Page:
August 30, 2012
Late at night, when Alex Parker is in the middle of an eight to ten-hour long calibration at the Harvard-Smithsonian Center for Astrophysics, he likes to listen to early Nine Inch Nails or Led Zeppelin to stay alert. To finish the evening, he says he switches to instrumental music. Parker was a musician long before he was an astronomer. He says music has a place in the study of the sky, particularly when creating visualizations.
“When getting into data visualization, it seemed that audio is an under-utilized resource which could enhance or, in some circumstances, replace visualization,” says Parker. To that end, he has created a series of musically rich animations that show everything from the orbits of the many potential planets captured by the Kepler mission to a patch of sky erupting with supernova each assigned a different note.
Turns out, the silent environment of outer-space lends itself quite well to a variety of musical selections. “Some astrophysical processes seem very serene and elegant, while others are sudden and phenomenally violent, and the music I would associate with each might have radically different character,” Parker explains. For his most recent project, Worlds: The Kepler Planet Candidates (at the top of the post), which shows potential planets picked up by the team’s measurements dancing around a single star, he went with the instrumental Nine Inch Nails song, “2 Ghosts 1.” Though the visualization is based on real data, Parker says, “The illustrated planet candidates orbit around 1770 unique stars, and packing that many planets into a single system would rapidly lead to extreme chaos.”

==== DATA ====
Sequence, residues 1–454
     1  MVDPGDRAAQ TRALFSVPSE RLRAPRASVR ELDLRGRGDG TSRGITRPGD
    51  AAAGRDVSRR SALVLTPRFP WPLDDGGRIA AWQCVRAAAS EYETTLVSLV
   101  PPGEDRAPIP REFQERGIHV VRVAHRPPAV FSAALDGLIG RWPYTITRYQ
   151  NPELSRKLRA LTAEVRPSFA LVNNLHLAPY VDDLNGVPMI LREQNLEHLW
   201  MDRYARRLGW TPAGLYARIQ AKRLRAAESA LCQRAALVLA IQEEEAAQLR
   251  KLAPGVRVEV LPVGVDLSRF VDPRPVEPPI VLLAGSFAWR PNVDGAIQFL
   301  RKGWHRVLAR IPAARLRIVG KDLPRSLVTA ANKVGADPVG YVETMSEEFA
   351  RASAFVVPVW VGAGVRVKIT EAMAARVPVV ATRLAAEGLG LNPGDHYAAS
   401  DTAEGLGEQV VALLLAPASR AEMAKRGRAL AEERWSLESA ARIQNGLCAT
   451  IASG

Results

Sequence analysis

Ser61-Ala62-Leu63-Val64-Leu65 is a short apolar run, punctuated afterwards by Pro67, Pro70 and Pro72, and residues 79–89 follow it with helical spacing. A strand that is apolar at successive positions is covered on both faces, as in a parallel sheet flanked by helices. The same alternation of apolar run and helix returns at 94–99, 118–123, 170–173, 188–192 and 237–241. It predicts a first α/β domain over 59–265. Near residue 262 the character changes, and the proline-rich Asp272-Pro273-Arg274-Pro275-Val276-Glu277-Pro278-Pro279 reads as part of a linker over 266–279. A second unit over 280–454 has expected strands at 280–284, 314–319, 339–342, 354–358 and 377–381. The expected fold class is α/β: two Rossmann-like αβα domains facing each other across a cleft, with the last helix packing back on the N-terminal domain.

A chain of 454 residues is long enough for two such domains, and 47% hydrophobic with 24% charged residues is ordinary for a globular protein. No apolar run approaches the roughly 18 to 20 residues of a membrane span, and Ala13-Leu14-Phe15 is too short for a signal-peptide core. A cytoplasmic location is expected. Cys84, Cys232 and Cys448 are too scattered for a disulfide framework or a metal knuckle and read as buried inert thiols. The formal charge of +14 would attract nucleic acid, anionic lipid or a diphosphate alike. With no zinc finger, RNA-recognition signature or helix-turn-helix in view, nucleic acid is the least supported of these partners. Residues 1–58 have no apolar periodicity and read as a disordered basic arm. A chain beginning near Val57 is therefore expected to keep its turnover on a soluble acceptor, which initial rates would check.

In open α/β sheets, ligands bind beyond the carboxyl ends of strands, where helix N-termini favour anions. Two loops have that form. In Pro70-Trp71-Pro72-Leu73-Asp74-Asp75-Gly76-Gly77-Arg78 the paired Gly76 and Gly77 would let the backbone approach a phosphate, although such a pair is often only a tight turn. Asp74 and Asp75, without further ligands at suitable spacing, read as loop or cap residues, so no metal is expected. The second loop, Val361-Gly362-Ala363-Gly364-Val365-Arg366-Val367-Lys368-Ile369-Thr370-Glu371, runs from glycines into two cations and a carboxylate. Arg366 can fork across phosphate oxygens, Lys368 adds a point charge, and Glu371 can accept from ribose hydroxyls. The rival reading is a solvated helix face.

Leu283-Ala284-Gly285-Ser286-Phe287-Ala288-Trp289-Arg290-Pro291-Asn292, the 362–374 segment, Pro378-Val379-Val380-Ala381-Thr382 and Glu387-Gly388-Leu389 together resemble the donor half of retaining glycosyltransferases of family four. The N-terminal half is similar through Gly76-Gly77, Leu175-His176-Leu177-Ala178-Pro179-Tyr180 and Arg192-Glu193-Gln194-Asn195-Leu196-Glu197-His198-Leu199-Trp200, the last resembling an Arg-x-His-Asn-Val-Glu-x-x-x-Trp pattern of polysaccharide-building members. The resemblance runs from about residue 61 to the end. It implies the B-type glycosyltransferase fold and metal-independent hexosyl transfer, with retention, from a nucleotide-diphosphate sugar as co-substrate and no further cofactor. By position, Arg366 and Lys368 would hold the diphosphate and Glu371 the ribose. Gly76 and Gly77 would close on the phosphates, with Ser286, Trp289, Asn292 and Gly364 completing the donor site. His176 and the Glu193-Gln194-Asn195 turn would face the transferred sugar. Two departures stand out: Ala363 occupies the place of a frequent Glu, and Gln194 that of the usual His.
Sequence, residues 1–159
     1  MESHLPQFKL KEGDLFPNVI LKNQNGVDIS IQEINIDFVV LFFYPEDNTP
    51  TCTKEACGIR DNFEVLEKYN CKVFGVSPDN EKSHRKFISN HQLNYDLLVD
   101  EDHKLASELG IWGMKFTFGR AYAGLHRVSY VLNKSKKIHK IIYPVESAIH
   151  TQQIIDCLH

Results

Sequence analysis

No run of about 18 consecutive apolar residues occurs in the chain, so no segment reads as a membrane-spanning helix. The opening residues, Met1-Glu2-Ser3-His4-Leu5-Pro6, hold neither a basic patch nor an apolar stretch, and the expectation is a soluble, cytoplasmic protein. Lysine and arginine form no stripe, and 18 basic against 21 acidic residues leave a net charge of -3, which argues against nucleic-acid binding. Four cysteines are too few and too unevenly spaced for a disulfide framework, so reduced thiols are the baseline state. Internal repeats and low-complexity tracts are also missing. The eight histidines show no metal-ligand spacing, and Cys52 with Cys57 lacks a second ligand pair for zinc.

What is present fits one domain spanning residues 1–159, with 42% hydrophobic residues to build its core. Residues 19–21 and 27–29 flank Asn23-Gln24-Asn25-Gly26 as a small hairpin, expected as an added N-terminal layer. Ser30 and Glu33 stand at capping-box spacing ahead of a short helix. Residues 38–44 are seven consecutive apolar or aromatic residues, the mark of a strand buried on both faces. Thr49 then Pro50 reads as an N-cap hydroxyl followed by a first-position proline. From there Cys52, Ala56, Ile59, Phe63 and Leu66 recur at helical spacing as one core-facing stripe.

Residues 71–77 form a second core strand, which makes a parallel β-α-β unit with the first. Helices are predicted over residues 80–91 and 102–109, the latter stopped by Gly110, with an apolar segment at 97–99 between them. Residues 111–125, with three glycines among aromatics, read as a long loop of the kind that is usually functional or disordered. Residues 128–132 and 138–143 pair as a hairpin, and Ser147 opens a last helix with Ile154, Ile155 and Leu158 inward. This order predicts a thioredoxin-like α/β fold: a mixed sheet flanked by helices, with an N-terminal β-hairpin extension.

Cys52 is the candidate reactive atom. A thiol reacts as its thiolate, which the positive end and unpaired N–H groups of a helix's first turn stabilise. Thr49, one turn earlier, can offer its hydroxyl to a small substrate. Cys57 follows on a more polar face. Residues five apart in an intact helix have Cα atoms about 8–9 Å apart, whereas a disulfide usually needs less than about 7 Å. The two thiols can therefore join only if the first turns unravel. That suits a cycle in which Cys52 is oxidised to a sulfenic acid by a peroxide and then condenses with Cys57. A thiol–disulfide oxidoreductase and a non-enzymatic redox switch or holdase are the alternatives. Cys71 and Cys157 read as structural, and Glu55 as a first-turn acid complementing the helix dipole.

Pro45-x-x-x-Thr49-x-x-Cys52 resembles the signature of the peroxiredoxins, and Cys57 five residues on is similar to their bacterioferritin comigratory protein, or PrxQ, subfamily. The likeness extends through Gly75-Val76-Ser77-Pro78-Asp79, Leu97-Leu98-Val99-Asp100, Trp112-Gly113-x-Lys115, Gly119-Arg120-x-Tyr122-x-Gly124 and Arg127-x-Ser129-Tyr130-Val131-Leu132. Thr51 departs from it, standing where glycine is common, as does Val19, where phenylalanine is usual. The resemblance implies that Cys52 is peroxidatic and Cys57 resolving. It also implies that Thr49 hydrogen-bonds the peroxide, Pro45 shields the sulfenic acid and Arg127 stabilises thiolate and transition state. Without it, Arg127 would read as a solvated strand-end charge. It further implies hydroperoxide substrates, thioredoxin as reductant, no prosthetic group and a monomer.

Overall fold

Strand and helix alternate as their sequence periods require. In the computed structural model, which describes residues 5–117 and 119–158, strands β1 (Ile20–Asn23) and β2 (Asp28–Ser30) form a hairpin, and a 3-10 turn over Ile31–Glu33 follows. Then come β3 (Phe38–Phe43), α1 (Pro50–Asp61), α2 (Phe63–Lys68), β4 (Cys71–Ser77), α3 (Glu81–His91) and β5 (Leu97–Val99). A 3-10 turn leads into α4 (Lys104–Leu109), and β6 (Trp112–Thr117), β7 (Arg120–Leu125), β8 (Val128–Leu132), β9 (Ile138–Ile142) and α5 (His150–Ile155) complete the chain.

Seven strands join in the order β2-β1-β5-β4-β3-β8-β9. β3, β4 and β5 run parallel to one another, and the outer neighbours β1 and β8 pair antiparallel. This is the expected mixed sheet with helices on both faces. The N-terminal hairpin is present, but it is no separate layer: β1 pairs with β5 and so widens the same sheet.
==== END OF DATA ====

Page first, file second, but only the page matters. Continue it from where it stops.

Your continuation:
When creating the video for his Supernova Sonata (above), Parker began experimenting with percussive sounds, but found that coordinating the stars’ activity to generated notes provided a nice contrast to the violent detonations.
In Kepler Sonata (above), Parker coordinated the motion of the six-planet system, Kepler 11, as detected by the Kepler observatory, to create not only a visual experience of a system’s dynamic movement but also an auditory representation.
Parker, whose father is a professional musician, says that, though he doesn’t instantly hear music in his mind when he contemplates the night sky, he is one of many observational astronomers who rely on an “Observing Playlist,” to provide a soundtrack to their work.
Sign up for our free email newsletter and receive the best stories from Smithsonian.com each week.